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Catholic Church communities could hold the cure for the rise in loneliness amongst Australians

Loneliness: “The traditional places where people used to gather are no longer as traditional now.”

LOWER attendance at traditional gatherings like church could be linked to increased levels of loneliness and depression among Australians, Brisbane psychologist Nahum Kozac said.

“As of earlier this year loneliness is now considered a public health crisis,” Mr Kozac, a parishioner St Paschal’s Church, Wavell Heights, said.

He said several factors contributed to the increase of loneliness including social media use, a lack of identity and a societal shift away from past traditions.

“Lower attendance at organised community events like church and scouts is a contributing factor,” he said.

“The traditional places where people used to gather are no longer as traditional now.”

Mr Kozac said institutions where people traditionally gathered, like Mass, may not be there anymore, or might be too difficult for people to get to.

The decline of Mass attendance in Australia over the past 70 years is significant.

In the 1950s more than 70 per cent of Australian Catholics attended weekly Mass.

Today that number has dropped below 10 per cent.  

“Correlation doesn’t always mean causation,” Mr Kozac said.

“Which way does it lay? Probably a bit both ways.”

Mr Kozac said the decline in organised community events like Mass had been mirrored by the proliferation of social media usage.

“People think that they’re connecting with others on social media,” he said.

“And it can be extremely valuable. People can see pictures of their grandchildren for example.

“But on the other hand we can feel that we’re having a good connection with someone else through social media and it might be a bit like junk food.

“I see their face, I value their life, but I’m not having a depth of communication that we would have if we were face-to-face, or even over a phone call.

“What the magic is around connections is this thing where I reveal something of myself, and that is accepted and responded to warmly.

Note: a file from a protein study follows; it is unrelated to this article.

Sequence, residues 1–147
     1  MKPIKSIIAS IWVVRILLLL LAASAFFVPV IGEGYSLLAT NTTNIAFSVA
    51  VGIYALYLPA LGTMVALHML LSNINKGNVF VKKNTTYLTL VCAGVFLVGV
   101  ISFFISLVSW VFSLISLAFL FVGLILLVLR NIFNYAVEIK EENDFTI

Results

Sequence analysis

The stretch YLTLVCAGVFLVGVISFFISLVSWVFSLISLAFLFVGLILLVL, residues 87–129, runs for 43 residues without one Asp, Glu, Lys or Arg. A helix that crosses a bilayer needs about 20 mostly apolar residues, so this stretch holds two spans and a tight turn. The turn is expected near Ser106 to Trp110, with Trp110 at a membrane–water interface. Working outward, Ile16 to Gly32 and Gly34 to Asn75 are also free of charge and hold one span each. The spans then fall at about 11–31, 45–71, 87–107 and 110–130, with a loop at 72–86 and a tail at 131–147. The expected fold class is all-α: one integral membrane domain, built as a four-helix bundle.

“It’s so hard to do that on social media where we’re presenting a false picture of ourselves.

“If someone gives acceptance of a false picture of us it doesn’t really result in intimacy and connection.

“If anything, it can reinforce the whole ‘I’m not good enough’ idea.”

Catholic Psychiatric Pastoral Care director Fr Jim Smith understands the difficulties associated with loneliness and mental illness.

The organisation, which is based at St Patrick’s Church in Fortitude Valley, provides practical, Gospel-driven solutions for people suffering from loneliness.

“Everything we do is about community. We gather people together,” Fr Smith said.

“Our logo is the Good Shepherd and the Good Shepherd gathers his flock.

“We provide a free taxi service so that people can come to our Mass and our meal.

“We pay for the taxis so that people don’t have to do it themselves.

“If they struggle with public transport it can be even harder on days like Easter Sunday.”

On Easter Sunday, CPPC celebrated an 11.15am Mass at St Patrick’s Church, followed by a lunch.

“We have a beautiful banquet that any family would be happy to eat at,” Fr Smith said.

“It’s not a second-best meal; it’s a really beautiful meal.

“We had ‘fresh cross buns’ on Easter Friday and a special holy card for Good Friday.

“On Easter Sunday we had Easter eggs and a resurrection card, too – all of which makes the occasion very special.

“We make everyone welcome to our services and they really appreciate the Catholic hospitality.”

Catholic Psychiatric Pastoral Care is located at 58 Morgan St, Fortitude Valley.

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